Many students take the ability to use the bathroom for granted, but for some it is a daily battle.
The University of Minnesota Transgender Commission is attempting to raise awareness about restroom access on campus, not only for members of the transgender community, but for the disabled, chronically ill and anyone who is made uncomfortable by gender-specific public restrooms.
“There are so many reasons someone might just want to have a private space to use the restroom, and I don’t think that’s limited to trans-identified folks or gender-nonconforming folks, but really is a right that is for all of us,” said Remy Corso, University of Minnesota Transgender Commission co-coordinator and transgender student.
The group has consulted disabled people who work with opposite sex caregivers, the chronically ill and diabetics who need to inject insulin that would prefer single-stall, gender-neutral restrooms.
Although these restrooms are traditionally referred to as unisex, Corso said that the term only confuses the group’s agenda, which is restroom access for everyone, and excludes gender identity completely.
Shawyn Lee, the assistant director of the University of Minnesota GLBTA Programs Office , prefers gender-neutral restrooms.
Lee identifies as “genderqueer,” which can mean that Lee identifies as beyond or between genders . When unable to locate a gender-neutral restroom, Lee is forced to use the one Lee chooses as closest to Lee’s identity, which can lead to awkward or dangerous situations.
“Some people don’t express their bodies and their genders in the ways other people expect them to … those people still need to pee, though,” said Ross Neely, University of Minnesota Transgender Commission co-coordinator.
Waiting extreme amounts of time to use the restroom because it’s uncomfortable or frightening can have negative health effects, including frequent urinary tract infections and in serious cases, burst bladders, Corso said.
With these issues in mind, the primary short-term goal of the commission is to change the signs on existing single-person, gender-specific bathrooms to make them gender-neutral and accessible to everyone.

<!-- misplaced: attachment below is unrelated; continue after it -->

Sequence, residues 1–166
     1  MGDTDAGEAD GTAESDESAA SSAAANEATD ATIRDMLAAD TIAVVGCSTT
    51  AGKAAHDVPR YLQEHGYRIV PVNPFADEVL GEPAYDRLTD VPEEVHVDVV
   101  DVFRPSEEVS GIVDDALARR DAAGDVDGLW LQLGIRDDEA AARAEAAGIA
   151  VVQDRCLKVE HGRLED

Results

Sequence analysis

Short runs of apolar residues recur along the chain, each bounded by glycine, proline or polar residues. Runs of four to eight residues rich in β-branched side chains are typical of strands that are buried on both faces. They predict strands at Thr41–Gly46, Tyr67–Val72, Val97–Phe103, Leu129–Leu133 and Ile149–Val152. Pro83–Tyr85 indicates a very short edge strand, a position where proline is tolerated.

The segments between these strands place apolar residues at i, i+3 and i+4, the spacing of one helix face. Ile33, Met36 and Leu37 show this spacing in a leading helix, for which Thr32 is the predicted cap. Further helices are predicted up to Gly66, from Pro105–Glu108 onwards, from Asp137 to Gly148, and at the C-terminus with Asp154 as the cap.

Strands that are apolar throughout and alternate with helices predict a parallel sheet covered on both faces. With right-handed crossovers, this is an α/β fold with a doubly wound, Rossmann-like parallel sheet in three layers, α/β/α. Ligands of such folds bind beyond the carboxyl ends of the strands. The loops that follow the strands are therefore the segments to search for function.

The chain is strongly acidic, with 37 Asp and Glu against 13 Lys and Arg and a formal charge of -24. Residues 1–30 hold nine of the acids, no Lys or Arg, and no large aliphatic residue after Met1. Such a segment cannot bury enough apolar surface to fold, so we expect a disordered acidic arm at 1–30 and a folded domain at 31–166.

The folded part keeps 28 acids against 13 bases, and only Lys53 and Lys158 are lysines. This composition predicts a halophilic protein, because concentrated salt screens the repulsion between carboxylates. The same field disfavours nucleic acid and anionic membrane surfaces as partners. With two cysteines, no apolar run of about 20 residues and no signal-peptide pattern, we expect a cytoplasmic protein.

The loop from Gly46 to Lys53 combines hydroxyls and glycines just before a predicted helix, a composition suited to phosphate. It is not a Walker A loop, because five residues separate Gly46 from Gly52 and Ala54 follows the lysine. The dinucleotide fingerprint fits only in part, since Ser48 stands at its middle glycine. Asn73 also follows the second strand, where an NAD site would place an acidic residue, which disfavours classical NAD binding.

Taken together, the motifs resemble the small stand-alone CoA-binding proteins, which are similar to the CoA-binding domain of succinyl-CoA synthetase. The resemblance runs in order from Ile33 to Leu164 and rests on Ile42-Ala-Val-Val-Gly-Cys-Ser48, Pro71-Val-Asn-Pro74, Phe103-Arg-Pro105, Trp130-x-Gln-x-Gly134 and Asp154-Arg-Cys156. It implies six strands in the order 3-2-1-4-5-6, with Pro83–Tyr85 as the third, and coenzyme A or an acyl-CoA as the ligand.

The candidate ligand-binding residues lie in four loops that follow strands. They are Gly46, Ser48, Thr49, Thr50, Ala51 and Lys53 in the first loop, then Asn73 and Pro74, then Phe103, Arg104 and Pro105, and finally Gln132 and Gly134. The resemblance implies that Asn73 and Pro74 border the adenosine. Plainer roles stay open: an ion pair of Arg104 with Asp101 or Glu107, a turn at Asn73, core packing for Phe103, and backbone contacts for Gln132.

“We don’t usually put gender signs on our restrooms in our homes or our apartments; we usually let people of all genders use those,” Neely said. “But we really do in these public spaces, and [we want] to try to change that first.”
The group is working with the University’s facilities and building planning departments to include gender-neutral restrooms in future University buildings, and the eventual goal is to have gender-neutral restrooms accessible within a short walk of any campus building, Neely said.
Facilities Management assesses where gender-neutral restrooms can be put into new buildings with a cost-neutral budget, Facilities Management Chief Administrative Officer Brad Hoff said.
Of the 283 buildings owned or leased by the University of Minnesota-Twin Cities campus, there are 2,191 public restrooms, approximately 57 of which are gender-neutral. The newly-constructed TCF Bank Stadium has equivalent “family” bathrooms, Hoff said.
The age of campus buildings makes renovation more expensive and difficult; however, Neely said that is a long-term goal.
The cost can be as much as $2,000 to make a single-stall, gender-specific bathroom into a gender-neutral one.
Installing a new bathroom into an unused space or retrofitting a multi-stall, gender-specific restroom can cost up to $50,000, Hoff said.
Often, costs are inflated because the restrooms may need to comply with standards outlined in the Americans with Disabilities Act of 1990 .
Facilities Management is attempting to open private, single-stall faculty bathrooms to the public as gender-neutral restrooms, Hoff said.
In Ford Hall , the Gender, Women and Sexuality Studies Department installed a multi-stall, gender-neutral bathroom in 2008, which is lockable and has operated without incident.
“The world does not collapse when folks of different genders pee together, but literally everybody just gets to pee,” Corso said.
In 2003, the city of Minneapolis repealed an ordinance that penalized people for using restrooms marked for the opposite gender.
Similarly, the University changed its Equal Opportunity Statement in August 2009 to include gender identity and gender expression.
Lee and the group are hopeful that the change signals increased action from the University.
“How can we be a top-three research institution when our student, staff and faculty talent may or may not be able to pee on campus?” Neely said. “We have to provide these basic human rights.”